She moved without haste and as though she were enjoying the walk. The high nodding rye all round her moved in long softly rustling waves, taking here a shade of silvery green and there a ripple of red; the larks were trilling overhead. The young woman had come from her own estate, which was not more than a mile from the village to which she was turning her steps.

The walker is Alexandra Palovna Lipin, a widow who lives with her brother. She is on her way to visit a sick old womanand meets Lezhvyon, an intelligent, eccentric  landowner who is in love with her.  Both love the quiet rural life in Russia.

These two are contrasted with their urbane neighbor, Darya Mihailovna, a pseudo-intellectual who holds a  salon at her summer country house. Her guests include Pigasov, a misanthropic old man,  Pandavlevsky,  a parasite, and Bassistoff, a tutor. But it is her teenage daughter, Natalya, who is most susceptible to the charms of strangers.

As in so many of Turgenev’s novels, the action, such as it is, is touched off by the appearance of an outsider.  Rudin, a stranger, arrives unexpectedly at Darya Mihailovna’s estate, bearing a note from her friend the baron.  She invites Rudin to stay.  He dominates the conversation, and he turns ideas  and relationships upside-down as he discourses on philosophy and human nature. Only Lezhvyon, who knew Rudin years ago, is unimpressed.  As each character gradually finds that Rudin is not quite who he seems to be, Rudin himself undergoes a transformation.


dessaix-travels-with-turgenev-439938This short, lyrical,  meditative book is part biography of Turgenev, part memoir/travel book, and part literary criticism.  If I were Oprah, and thank God I’m not, because then I’d have to share my thoughts by underlining passages for the special e-book version, Dessaix’s Turgenev-inspired travel book would be my Book Club “pick.”

Dessaix, an award-winning Australian writer, novelist, scholar, and former Russian professor, fuses personal and literary history. This genre-bending volume of belles-lettres is divided into three parts: Baden-Baden, France, and Russia. As Dessaix retraces Turgenev’s footsteps and sight-sees with his friends, he meditates on his own relationship with Russian literature, and connects his own Australian identity to the “barbaric” Russian identity of Turgenev in the 19th century (both places were said to have “no culture,” and travel to Europe was necessary for intellectual development). Dessaix recreates not only the atmosphere and mood of Turgenev’s 19th-century world and novels, but also describes the changes in Europe and Russia since the ’60s and ’70s when he first traveled there.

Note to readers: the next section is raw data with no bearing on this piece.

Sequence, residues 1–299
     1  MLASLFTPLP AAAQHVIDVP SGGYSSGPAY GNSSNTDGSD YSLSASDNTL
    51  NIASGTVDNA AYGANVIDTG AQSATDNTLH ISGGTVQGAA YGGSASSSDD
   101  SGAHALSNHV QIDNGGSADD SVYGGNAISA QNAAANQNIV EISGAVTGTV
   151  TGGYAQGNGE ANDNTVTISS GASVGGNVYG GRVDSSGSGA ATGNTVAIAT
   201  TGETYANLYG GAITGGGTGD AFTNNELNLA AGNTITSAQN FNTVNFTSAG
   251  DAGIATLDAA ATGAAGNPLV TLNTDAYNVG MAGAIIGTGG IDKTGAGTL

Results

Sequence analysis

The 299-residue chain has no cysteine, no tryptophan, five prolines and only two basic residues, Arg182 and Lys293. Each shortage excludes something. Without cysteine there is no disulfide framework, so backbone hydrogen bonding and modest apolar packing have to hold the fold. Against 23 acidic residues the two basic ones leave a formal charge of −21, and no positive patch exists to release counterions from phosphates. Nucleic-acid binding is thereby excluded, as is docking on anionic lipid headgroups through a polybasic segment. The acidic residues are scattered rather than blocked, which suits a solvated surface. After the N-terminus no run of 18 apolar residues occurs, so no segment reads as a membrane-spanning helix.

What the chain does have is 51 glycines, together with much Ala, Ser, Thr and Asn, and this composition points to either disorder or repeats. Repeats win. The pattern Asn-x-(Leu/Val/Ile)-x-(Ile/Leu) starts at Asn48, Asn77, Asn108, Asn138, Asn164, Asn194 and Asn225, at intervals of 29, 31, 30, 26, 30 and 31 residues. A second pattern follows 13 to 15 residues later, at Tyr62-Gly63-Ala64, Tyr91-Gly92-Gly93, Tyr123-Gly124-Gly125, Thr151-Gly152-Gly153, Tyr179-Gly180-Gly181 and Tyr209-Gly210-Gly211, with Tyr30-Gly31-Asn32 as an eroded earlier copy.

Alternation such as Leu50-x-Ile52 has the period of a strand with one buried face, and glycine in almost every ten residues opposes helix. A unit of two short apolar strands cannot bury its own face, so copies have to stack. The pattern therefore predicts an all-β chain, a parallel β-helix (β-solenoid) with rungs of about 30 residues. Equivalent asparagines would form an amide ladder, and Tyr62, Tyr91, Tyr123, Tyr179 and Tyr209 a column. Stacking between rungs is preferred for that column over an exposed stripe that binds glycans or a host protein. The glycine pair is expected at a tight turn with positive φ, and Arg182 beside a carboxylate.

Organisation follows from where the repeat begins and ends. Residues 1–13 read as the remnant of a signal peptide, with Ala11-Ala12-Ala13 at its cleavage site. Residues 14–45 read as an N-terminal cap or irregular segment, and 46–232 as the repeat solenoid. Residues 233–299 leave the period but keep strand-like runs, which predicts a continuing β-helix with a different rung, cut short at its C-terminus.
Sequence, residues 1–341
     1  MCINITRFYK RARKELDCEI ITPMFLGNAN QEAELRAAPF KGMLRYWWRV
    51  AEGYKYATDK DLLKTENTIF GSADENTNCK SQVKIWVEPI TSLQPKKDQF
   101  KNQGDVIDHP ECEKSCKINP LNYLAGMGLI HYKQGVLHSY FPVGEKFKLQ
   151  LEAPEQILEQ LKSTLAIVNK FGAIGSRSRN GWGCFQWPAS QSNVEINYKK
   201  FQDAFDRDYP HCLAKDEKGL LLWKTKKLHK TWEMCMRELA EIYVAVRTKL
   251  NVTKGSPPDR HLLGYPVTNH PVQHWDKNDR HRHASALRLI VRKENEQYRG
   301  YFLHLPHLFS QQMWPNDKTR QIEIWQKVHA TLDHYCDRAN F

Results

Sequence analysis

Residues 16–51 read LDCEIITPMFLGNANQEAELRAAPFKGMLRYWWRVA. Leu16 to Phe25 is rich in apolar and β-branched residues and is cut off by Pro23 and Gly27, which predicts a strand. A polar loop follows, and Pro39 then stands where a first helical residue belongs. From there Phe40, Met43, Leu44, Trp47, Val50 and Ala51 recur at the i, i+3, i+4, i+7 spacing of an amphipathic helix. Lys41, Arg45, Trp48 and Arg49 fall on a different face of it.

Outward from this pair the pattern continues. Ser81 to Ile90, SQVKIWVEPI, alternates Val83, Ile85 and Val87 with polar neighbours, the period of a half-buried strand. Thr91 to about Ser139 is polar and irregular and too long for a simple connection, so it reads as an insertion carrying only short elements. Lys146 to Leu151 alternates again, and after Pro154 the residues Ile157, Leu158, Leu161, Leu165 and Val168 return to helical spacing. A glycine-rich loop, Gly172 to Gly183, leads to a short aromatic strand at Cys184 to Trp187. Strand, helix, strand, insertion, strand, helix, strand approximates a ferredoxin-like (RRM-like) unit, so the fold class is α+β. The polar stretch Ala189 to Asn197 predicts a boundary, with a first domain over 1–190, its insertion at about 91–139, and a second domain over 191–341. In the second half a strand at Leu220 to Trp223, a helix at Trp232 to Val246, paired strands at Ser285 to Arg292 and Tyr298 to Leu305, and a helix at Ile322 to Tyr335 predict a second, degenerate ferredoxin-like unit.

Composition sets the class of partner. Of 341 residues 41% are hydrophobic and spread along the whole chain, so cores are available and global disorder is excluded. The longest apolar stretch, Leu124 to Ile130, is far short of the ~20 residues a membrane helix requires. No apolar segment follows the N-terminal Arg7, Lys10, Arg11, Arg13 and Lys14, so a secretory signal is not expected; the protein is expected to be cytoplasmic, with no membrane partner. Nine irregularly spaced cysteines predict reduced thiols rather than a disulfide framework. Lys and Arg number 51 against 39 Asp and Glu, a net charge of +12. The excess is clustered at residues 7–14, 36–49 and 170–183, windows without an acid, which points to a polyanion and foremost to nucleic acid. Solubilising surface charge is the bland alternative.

Turgenev’s Rudin

turgenev rudin constance garnett 17179.books.origjpgTurgenev is one of my favorite writers.

Thanks to the late Harry Weber, a professor of Russian at the University of Iowa, for introducing me to Turgenev in his Russian literature in translation class. Nowadays, with language departments and liberal arts  under attack by proponents of the bottom line, I realize how lucky I was to have such a wealth of academic choices.   I felt both awe and affection for my best professors..  I  remember nudging my boyfriend one day when Dr. Weber walked past us in the snow at City Park wearing a tall fur hat.   (Didn’t you love it when your professors were the celebrities, and wouldn’t it be a better world if they still were?)   Without his class, I am not sure that I would have gone beyond Fathers and Sons, the only one  of his masterpieces commonly stocked in bookstores.

Turgenev Penguin Rudin

The Richard Freeborn translation.